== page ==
Sometimes you may find unpleasant surprises in data when you import a file into the Microsoft Excel spreadsheet application. In some cases, you might have an extraneous character, such as a comma, that appears at the end of cell strings. To remove trailing commas from your Excel cells, you can create a function that checks for a comma at the end of a string and then deletes the final character in the string if it is a comma. Once you've used the formula to strip commas from the cell strings, you can use the Paste Special function to copy the formula output values back to the original data.

- Sometimes you may find unpleasant surprises in data when you import a file into the Microsoft Excel spreadsheet application.
- Once you've used the formula to strip commas from the cell strings, you can use the Paste Special function to copy the formula output values back to the original data.

Open the worksheet that contains the data from which you want to remove trailing commas.

Right-click the header of the column directly to the right of the data column that you want to clean. Click "Insert" in the menu to insert a new function column.

Type the following in the cell in the formula column adjacent to the first data cell:

\=IF(RIGHT(A1,1)=",",LEFT(A1,LEN(A1)-1),A1)

Substitute the cell address of your first data cell in place of all instances of "A1" in the above example.

Press "Enter." Excel first determines whether the rightmost value in the data cell is a comma. If so, it determines the number of characters in the cell using the "Len" function and then returns only the leftmost N minus 1 characters, thus omitting the comma. If no comma is detected at the end of the string, then Excel returns the original cell value.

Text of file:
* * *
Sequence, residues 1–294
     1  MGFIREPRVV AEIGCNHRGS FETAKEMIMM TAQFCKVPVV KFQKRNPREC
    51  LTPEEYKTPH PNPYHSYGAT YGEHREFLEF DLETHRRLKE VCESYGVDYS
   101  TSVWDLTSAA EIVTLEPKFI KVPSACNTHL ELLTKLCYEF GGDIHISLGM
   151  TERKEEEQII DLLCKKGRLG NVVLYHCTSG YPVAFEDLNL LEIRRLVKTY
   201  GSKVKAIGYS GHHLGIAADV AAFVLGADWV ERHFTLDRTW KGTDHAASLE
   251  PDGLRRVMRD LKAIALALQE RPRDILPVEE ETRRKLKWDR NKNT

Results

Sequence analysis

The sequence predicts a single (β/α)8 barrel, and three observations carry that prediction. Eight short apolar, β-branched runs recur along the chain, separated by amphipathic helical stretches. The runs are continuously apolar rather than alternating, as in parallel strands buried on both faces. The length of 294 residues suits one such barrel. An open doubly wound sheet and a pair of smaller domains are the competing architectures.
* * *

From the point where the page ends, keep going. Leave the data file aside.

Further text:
- Type the following in the cell in the formula column adjacent to the first data cell: \=IF(RIGHT(A1,1)=",",LEFT(A1,LEN(A1)-1),A1) Substitute the cell address of your first data cell in place of all instances of "A1" in the above example.
- If so, it determines the number of characters in the cell using the "Len" function and then returns only the leftmost N minus 1 characters, thus omitting the comma.

Right-click the formula cell and click "Copy." Paste the formula into the cell directly to the right of all cells from which you want to clean the commas. Excel will perform the comma-trimming function on all cells and return the update value in the formula column.

Highlight all formula cells, then right-click the array and choose "Copy."

- Right-click the formula cell and click "Copy."
- Highlight all formula cells, then right-click the array and choose "Copy."

Highlight the original data cells, then right-click the array and choose "Paste Special." Click the radio button next to "Values," then click the "OK" button. Excel will copy the output strings from the comma-less formula cells into your original data cells as static character strings.

Highlight the formula column, then right-click the array and click "Delete" from the menu. This will delete the formula column now that a permanent copy of the formula output has been saved in the original data column.